Tens of billions of pounds could also be saved for the NHS if treatment was improved, researchers estimate.
Millions more years of good health and multi-billions of pounds could be saved for the NHS if people with conditions that increase their risk of cardiovascular disease (CVD) were diagnosed and treated better, suggests research published in the journal BMJ Open.
UK researchers calculated that potential savings of around £68bn could be achieved for the NHS and 3.4million cases of CVD prevented over 25 years if all people in England with high-risk CVD conditions were diagnosed and managed according to official guidelines.
Cardiovascular disease prevention is a global public health priority and currently, there are more than 1.8 million people in England on the Coronary Heart Disease Register and more than one million on the Stroke or Transient Ischaemic Attacks Register. CVD is estimated to have cost the UK economy around £23.3bn overall in 2015.
NHS England has, as part of its strategy to improve CVD prevention, highlighted six high risk conditions for CVD that are currently under-diagnosed and insufficiently well managed despite a range of available interventions.
These conditions include hypertension (high blood pressure), atrial fibrillation (irregular and often rapid heart rate), diabetes (type 1 and 2), and chronic kidney disease.
Increasing diagnosis and management of these six conditions could be an achievable way of making health improvements and potentially save NHS costs, but to date, there has been little quantification of the potential benefits carried out.
A team of researchers from the University of Sheffield and Rotherham Metropolitan Borough Council set out to estimate the total cost savings and health benefits that could be achieved if it were possible to detect all individuals with the six high risk conditions in England – assuming diagnosed individuals would be either managed to current care levels, or optimally, according to National Institute for Health and Care Excellence (NICE) guidelines.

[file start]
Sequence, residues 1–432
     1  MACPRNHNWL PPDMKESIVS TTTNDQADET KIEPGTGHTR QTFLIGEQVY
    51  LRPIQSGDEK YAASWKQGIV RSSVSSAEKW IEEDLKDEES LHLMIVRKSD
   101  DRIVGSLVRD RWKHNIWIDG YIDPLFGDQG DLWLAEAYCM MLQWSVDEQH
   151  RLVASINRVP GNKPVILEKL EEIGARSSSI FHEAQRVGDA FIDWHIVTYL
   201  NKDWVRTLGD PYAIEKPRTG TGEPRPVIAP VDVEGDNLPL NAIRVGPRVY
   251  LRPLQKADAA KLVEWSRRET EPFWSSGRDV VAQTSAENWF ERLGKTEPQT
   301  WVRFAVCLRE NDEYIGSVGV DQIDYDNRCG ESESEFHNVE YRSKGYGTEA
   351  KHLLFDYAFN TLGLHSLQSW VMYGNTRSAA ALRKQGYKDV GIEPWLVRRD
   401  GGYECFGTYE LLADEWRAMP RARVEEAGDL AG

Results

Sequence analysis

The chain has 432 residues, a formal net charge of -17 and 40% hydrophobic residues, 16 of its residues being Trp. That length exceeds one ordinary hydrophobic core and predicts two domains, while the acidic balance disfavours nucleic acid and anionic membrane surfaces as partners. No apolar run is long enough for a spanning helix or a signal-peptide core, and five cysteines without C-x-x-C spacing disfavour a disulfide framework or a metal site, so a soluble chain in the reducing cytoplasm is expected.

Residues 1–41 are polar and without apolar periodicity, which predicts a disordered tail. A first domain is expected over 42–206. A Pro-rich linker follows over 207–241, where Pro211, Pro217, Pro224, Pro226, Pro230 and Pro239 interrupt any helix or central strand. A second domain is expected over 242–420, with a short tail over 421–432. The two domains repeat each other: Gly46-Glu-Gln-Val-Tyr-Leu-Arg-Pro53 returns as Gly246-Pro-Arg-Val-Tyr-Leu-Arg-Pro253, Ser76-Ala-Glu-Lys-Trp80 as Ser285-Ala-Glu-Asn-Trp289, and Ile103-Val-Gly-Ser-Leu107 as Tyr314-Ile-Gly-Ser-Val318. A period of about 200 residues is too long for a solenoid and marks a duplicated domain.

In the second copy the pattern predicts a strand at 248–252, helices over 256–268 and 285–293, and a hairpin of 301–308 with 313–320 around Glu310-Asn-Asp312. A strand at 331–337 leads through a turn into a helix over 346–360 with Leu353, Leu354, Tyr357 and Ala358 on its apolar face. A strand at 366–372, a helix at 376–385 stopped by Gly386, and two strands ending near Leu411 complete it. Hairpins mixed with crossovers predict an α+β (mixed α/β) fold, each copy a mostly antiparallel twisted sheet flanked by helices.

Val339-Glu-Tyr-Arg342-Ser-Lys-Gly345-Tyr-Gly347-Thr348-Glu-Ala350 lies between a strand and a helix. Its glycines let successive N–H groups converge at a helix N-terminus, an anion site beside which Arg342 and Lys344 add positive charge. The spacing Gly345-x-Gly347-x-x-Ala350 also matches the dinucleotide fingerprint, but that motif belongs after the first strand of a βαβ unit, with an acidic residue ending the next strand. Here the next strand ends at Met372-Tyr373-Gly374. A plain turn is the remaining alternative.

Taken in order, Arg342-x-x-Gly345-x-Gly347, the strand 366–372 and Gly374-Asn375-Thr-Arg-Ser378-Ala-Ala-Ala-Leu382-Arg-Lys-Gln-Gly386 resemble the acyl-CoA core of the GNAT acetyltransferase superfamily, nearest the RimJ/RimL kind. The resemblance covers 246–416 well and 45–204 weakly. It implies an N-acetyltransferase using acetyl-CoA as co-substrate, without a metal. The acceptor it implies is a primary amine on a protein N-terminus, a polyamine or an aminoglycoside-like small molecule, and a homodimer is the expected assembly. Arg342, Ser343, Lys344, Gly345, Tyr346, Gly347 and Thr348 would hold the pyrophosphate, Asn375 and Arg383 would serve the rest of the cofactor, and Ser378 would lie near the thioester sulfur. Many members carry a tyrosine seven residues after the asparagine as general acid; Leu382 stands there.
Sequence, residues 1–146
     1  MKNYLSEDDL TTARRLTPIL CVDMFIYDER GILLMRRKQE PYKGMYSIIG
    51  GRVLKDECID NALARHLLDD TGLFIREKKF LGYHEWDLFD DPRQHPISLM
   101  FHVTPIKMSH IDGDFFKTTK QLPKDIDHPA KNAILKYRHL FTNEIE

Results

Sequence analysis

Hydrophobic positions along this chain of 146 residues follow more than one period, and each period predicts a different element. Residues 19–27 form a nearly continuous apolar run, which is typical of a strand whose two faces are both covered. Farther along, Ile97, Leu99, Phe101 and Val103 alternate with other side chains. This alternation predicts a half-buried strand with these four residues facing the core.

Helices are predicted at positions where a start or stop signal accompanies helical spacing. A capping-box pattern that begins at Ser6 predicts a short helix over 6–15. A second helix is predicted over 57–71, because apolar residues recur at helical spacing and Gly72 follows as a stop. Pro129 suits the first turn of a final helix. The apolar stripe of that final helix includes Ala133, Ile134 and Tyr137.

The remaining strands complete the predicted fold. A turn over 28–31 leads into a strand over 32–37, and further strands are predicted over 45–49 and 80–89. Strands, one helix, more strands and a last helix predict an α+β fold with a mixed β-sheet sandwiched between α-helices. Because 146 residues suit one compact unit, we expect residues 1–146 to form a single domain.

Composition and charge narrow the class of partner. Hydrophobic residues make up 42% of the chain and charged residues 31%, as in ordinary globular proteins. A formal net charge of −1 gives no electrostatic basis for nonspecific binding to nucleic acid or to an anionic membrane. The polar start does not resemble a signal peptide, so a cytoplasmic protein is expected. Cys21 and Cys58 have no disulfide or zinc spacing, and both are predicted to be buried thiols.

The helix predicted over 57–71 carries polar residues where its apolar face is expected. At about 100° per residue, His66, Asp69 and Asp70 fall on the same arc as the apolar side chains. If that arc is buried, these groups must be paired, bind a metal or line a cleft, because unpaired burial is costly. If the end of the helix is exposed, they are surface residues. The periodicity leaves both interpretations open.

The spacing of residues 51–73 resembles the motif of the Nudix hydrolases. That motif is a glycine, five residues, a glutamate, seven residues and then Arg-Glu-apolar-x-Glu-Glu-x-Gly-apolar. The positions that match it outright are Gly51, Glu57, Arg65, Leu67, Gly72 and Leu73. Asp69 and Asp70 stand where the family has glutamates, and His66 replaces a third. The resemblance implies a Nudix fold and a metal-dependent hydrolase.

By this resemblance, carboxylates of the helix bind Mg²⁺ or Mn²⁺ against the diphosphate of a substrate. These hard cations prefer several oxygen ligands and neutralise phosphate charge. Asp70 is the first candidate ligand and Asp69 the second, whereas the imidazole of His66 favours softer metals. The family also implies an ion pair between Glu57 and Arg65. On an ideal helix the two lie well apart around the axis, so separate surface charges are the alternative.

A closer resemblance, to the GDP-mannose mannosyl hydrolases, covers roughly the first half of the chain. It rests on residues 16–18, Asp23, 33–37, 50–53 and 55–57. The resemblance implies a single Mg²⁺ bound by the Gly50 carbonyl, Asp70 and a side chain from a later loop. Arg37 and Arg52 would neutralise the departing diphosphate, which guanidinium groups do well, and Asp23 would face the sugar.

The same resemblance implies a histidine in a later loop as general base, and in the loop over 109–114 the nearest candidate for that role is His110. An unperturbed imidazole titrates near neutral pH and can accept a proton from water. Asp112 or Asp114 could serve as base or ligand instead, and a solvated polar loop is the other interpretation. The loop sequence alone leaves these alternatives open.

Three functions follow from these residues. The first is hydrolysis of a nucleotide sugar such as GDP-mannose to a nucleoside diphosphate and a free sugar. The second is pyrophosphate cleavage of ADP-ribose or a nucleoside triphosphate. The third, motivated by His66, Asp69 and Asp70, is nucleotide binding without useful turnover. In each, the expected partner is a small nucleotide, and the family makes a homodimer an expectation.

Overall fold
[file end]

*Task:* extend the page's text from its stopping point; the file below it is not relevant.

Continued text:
They carried out an economic analysis using a CVD prevention model focused on English NHS and social services. Baseline patient characteristics were taken from the Health Survey for England of 2014 to enable a patient population representative of England to be modelled.
The study’s subjects were adults aged 16 and older with one or more high cardiovascular risk conditions, including hypertension, diabetes, non-diabetic hyperglycaemia, atrial fibrillation, chronic kidney disease and high cholesterol.
The outcome measures used by the researchers were incremental and cumulative costs, savings, and quality-adjusted life years (QALYs) – a measure of the state of health of a person or group in which the benefits, in terms of length of life, are adjusted to reflect the quality of life.
The researchers also measured net monetary benefit from a NHS and personal social services perspective in the UK, measured at 5, 10 and 25-year points.
Interventions that were included in the model were selected from NICE guidance for each of the high risk conditions.
• diagnostic interventions (NHS Health Check, annual review for people with a pre-existing high risk condition)
• drug interventions (lipid modification, antihypertensives, anticoagulants and diabetes treatments)
• lifestyle interventions (weight management, smoking cessation, education for diabetes, and nutritional advice for chronic kidney disease)
• interventions to improve adherence to other interventions (blood pressure self-monitoring, medicines use review).
Their analysis showed that if all people with CVD high risk conditions were diagnosed and then managed appropriately at current levels, £68bn could be saved, 4.9million QALYs gained and 3.4million cases of CVD prevented over a 25-year-period.
Additionally, if all detected people were managed according to NICE guidelines, the total savings would be £61bn, 8.1million QALYs would be gained and 5.2million CVD cases prevented.
The greatest benefits would come from detection of high cholesterol in the short term and diabetes in the long term.
The study had some limitations, said the authors, such as the fact that results depended on accurate modelling of current care in England which relied on a range of data sources that were sometimes based on a limited sample.
In addition, the CVD prevention benefits of improving detection and management could be underestimated because the model did not include some vascular conditions such as peripheral vascular disease.
Nevertheless, it was based on a model that included most elements of current CVD prevention practice in people at high risk, so allowed for a valid comparison of different detection and management scenarios.
They concluded: “Substantial cost savings and health benefits would accrue if all individuals with conditions that increase CVD risk could be diagnosed, with detection of undiagnosed diabetes producing greatest benefits.
“Ensuring all conditions are managed according to NICE guidelines would further increase health benefits. Projected cost-savings could be invested in developing acceptable and cost-effective solutions for improving detection and management.”